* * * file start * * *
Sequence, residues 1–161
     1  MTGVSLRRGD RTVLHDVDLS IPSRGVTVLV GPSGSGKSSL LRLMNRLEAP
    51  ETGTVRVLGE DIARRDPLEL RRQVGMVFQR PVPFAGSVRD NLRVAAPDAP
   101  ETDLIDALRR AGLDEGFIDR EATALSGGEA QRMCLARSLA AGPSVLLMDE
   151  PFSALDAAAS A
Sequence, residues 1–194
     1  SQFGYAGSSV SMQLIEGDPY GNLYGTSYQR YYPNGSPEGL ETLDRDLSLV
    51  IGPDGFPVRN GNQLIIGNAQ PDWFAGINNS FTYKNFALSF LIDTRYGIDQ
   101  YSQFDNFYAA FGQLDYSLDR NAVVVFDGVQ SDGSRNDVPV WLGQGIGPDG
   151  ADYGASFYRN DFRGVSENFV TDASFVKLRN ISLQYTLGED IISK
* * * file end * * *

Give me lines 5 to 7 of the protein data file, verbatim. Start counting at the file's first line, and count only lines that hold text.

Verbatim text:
   151  PFSALDAAAS A
Sequence, residues 1–194
     1  SQFGYAGSSV SMQLIEGDPY GNLYGTSYQR YYPNGSPEGL ETLDRDLSLV